A farm bill panel at the Minnesota Ag Expo in Mankato, Minn., Jan. 25 expressed concern over whether or not the next farm bill will provide an adequate safety net for farmers and continued funding for the Supplemental Nutrition Assistance Program.
On the panel were Kevin Paap, president of the Minnesota Farm Bureau Federation; Gary Wertish, president of the Minnesota Farmers Union; and Peter Woitcock, a community organizer with Hunger Solution Minnesota in St. Paul, Minn.
Paap acknowledged that additional funding probably would not happen and that Farm Bureau will defend what farmers get now.
“Everyone would like more money, but I don’t think it’s in the cards,” he said. “We need to work together, and quickly, to get it done now. With an election coming up [in November], we won’t be talking about a farm bill then.”
Wertish said, given the stressed rural economy, that Farmers Union is asking for an increase in farm bill spending.
“Dairy and cotton programs are not working,” he said. “We can’t cannibalize other programs. We need additional funding.”
Woitcock expressed concern about the stereotype surrounding folks who receive food assistance and how that may impact dollars allocated for SNAP.
“We’re in protective mode with SNAP. We don’t want any cuts,” Woitcock said. “In Minnesota, 70% of the people we work with are on SNAP — seniors, children, people with disabilities. A lot of people are working, but they aren’t making enough to feed their families.”
Even though Minnesota is a leader in agriculture, more than 9,000 people per day visit a food shelf to get help, according to the Hunger Solutions website, hungersolutions.org.
Paap and Wertish encouraged farmers to reach out to their congressional leaders and let them know their concerns. They noted more than once how the ag community works together to find compromises.
“Ag has always been bipartisan,” Wertish said. “Farmers Union and Farm Bureau will be there.”
Paap summed up the farm bill discussion with three points: A farm bill is needed sooner rather than later, ag is working together to find a balance, and farmers need to be at the table.
Said Paap: “Let officials know that what they are doing, or not doing, is having an impact on your farm.”
Talks in D.C.
At a House Agriculture Committee meeting in late January, in his opening comments, committee Chairman Michael Conaway noted the bleakness facing farmers and ranchers today.
“Over the last four years, we have witnessed the steepest decline in net farm income since the Great Depression,” he said in a press release. He said the passage of the recent tax reform bill would provide some tax relief for American agriculture. However, challenges with natural disasters, and high and rising foreign subsidies, tariffs and nontariff trade barriers have resulted in lost crops and chronically depressed prices.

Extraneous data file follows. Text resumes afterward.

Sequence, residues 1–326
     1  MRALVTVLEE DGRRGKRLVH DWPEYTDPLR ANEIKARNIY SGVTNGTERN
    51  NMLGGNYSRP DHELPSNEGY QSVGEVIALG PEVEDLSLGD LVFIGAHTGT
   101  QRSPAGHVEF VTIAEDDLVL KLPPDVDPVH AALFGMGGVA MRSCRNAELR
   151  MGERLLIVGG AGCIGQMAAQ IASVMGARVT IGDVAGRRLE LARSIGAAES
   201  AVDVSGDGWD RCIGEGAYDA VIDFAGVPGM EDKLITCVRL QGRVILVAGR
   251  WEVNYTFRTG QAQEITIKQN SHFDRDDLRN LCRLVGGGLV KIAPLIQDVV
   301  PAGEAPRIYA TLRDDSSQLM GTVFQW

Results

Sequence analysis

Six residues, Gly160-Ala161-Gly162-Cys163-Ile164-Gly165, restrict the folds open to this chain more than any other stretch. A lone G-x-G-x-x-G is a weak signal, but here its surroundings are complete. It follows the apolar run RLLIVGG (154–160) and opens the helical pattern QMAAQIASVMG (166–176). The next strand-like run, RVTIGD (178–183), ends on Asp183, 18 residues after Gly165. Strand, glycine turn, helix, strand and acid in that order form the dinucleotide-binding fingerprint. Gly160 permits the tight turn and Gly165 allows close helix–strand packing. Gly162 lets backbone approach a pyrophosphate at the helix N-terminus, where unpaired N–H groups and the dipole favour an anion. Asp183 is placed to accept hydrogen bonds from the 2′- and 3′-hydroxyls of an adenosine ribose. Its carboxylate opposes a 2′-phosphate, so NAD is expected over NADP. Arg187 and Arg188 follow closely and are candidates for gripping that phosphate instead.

“Uncertainty over the direction of trade has exacerbated the anxiety in rural America because the U.S. farmer and rancher depends so much on access to global markets to make ends meet,” Conaway said.
He noted that crop insurance has provided critical risk management to farmers.
“However, the most costly hurricanes on record have shed some light on areas where we need to make improvements, so crop insurance can serve the Florida orange producer as well as the Iowa corn farmer,” Conaway said. “And, some weaknesses in the farm bill’s safety net have also become apparent, especially for our nation’s cotton and dairy farmers.”
At the same committee meeting, House Agriculture Committee Ranking Member Rep. Collin Peterson, D-Minn., also offered opening comments and shared them in a press release. He noted how much commodity prices have dropped since the farm bill was last reauthorized, and that current milk prices are softening.
“I am very concerned that if prices continue to fall, and yields decrease, we could be in for some real trouble,” Peterson said. “This is one of the reasons I would like to see a new farm bill, with an improved safety net, but with no new money it’s going to be hard to do.”
Peterson also expressed concern about the administration not understanding agriculture and relying on the ag secretary to be a voice of reason at the table.
Some farm bill numbers
According to a June 2017 Congressional Budget Office baseline estimate, the 2014 Farm Bill thus far has cost $878 billion. Spending was divided up as follows: nutrition, 76%; crop insurance, 9%; commodities, 7% and conservation, 7%.